The Minister of Agriculture and Rural Development Robert Telus and the Ukrainian Agriculture Minister Mykola Solski will hold talks on cereal exports on Wednesday, the agriculture ministry said. It is about resolving the conflict over grain exports from Ukraine.
The problem of grain imports from Ukraine was already signalled by farmers in the autumn of last year. At that time, attention was drawn to the uncontrolled so-called “technical grain” flowing into Poland. Moreover, it was pointed out that grain from Ukraine, which was supposed to be exported to other markets, practically remains in the country, destabilising the market. Farmers complained that, as a result, they could not sell their grain.
In December 2022, EU Agriculture Commissioner Janusz Wojciechowski admitted that grain imports from Ukraine after the outbreak of the war had caused some market disruption locally, including in Poland. He reported then that the European Commission was analysing the situation and might take action.
As of April this year, the EC had not taken any steps to restrict cereal imports from Ukraine. Given this, from 15 April, the Polish government decided to close the border to agricultural goods imported from Ukraine. According to the decree of the Minister of Development and Technology, the transit of goods through Poland was possible based on EU transit regulations, provided that the transit through our country ends in seaports in Gdańsk, Gdynia, Świnoujście, Szczecin or Kołobrzeg (from 28 April this year), or outside the territory of the Republic of Poland. Restrictions were then also introduced by other so-called ‘frontline’ countries.
At the end of April this year. The EC agreed with Poland, Bulgaria, Hungary, Romania and Slovakia on Ukrainian agri-food products. It was agreed that these countries would withdraw their unilateral restrictions while the EC would ban importing four products from Ukraine, wheat, maize, rapeseed and sunflower seeds, into these countries from 2 May this year. The restrictions were to be in place until 5 June 2023. They were then extended until 15 September this year.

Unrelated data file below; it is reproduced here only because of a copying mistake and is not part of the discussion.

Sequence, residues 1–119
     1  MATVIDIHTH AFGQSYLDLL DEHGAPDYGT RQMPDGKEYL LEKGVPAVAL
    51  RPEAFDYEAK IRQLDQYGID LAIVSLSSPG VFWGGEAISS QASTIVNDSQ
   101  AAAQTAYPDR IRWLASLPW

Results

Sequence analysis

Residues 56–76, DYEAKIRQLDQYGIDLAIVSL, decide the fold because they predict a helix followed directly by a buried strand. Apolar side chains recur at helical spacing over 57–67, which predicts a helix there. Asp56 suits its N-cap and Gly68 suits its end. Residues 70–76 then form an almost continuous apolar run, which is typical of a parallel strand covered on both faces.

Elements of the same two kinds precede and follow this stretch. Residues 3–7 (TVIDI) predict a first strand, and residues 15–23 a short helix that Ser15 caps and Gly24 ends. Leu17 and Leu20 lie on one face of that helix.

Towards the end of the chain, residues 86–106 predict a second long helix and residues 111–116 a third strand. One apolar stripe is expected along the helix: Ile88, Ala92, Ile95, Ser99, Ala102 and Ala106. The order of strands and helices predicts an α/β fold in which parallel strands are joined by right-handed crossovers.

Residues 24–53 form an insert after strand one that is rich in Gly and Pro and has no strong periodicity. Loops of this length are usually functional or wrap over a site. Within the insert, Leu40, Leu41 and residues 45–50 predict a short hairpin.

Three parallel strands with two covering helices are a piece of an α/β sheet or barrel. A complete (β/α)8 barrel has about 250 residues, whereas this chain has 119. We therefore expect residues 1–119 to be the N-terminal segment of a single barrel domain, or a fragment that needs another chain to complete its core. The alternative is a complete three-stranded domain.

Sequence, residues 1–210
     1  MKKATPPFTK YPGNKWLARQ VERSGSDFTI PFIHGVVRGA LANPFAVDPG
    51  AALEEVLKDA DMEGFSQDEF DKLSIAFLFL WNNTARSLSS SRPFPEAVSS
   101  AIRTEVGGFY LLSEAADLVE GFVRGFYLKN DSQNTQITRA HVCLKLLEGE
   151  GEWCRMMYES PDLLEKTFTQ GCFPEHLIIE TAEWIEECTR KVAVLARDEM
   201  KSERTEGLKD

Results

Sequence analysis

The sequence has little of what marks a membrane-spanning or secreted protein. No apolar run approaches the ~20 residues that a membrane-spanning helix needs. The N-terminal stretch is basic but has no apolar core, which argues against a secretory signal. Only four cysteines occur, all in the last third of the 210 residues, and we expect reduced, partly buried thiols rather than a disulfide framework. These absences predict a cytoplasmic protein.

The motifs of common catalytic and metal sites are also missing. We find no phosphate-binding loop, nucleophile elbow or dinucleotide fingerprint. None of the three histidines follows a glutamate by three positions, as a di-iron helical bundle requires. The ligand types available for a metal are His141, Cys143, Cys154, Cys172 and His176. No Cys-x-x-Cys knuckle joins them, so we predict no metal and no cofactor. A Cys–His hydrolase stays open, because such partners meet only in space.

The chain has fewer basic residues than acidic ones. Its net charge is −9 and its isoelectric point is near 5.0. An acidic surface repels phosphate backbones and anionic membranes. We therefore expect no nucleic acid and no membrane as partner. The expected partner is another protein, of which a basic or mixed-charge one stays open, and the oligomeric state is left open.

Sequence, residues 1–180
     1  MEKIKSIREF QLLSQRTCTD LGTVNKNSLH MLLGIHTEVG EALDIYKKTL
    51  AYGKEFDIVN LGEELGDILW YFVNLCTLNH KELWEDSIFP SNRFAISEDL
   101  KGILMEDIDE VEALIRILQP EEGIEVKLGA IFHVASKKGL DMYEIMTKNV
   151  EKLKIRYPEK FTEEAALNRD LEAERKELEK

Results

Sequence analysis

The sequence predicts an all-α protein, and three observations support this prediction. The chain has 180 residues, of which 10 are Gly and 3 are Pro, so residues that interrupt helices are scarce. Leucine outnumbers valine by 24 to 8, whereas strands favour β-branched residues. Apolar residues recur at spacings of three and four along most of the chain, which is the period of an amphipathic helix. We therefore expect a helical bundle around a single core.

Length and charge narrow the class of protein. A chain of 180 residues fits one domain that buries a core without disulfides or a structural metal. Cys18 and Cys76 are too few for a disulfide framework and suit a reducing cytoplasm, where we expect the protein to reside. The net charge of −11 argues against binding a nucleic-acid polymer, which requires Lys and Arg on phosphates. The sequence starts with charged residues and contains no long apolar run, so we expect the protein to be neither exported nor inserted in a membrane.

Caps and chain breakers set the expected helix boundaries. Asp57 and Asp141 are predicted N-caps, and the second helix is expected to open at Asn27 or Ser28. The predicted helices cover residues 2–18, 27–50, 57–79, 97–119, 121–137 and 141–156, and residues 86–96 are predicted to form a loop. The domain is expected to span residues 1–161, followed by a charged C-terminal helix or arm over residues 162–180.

Poland and the other frontline countries believed that the ban should be extended once again, but this was protested against by Ukraine. President Volodymyr Zelenski discussed the issue with EC President Ursula von der Leyen, who also favoured lifting the ban. In the end, the embargo was not extended.
Even before the EC decided on the grain embargo, Poland announced that if it were not extended, it would ban grain imports from Ukraine so that the interests of Polish farmers would be protected. The embargo, introduced as of midnight on 16 September, lasts indefinitely. It bans importing certain agricultural products into Poland, including wheat, maize, rapeseed, sunflower seeds, and meal from these cereals. Similar restrictions were introduced in parallel by Slovakia and Hungary.
The authorities in Kyiv have announced that they have filed a complaint with the World Trade Organisation (WTO) against Poland, Hungary and Slovakia over their extension of the embargo on Ukrainian agricultural products. Meanwhile, Ukrainian Deputy Minister of Economy and Trade Taras Kaczka, in an interview with Rzeczpospolita, signalled that Ukraine would introduce an embargo on Polish onions, tomatoes, cabbage and apples in the next few days but said the following day that the introduction of a Ukrainian embargo was the last item on the agenda, and he expected it would not happen.
Last week, Agriculture Minister Robert Telus announced that Poland would not lift the embargo on Ukrainian products until a common solution had been found to safeguard the interests of Polish farmers.
– I appealed to Minister Solski to keep these talks at a good level and friendly to all of us (…). It would be good if Ukraine withdrew its complaint (against Poland – Polish Press Agency) to the WTO,” conveyed the head of the Ministry of Agriculture and Rural Development.
On Tuesday, 26 September, the Visegrad Group talks were held in Znojmo in the Czech Republic, remotely attended by the Minister of Agricultural Policy and Food of Ukraine Mykola Solski. The V4 agriculture ministers (Poland, Czech Republic, Hungary and Slovakia) considered that Ukraine’s withdrawal of its complaint to the WTO over the grain embargo would improve the atmosphere in mutual relations.
– To my question whether Ukraine would withdraw the complaint, Ukraine’s Agriculture Minister Mykola Solski did not answer, Polish Deputy Agriculture Minister Ryszard Bartosik reported in an interview with Polish Press Agency; at the same time, he assessed that the situation in Poland on the grain market was difficult.
A briefing is planned at the Ministry of Agriculture and Rural Development on Wednesday morning after the conversation between the head of the ministry and Minister Solski.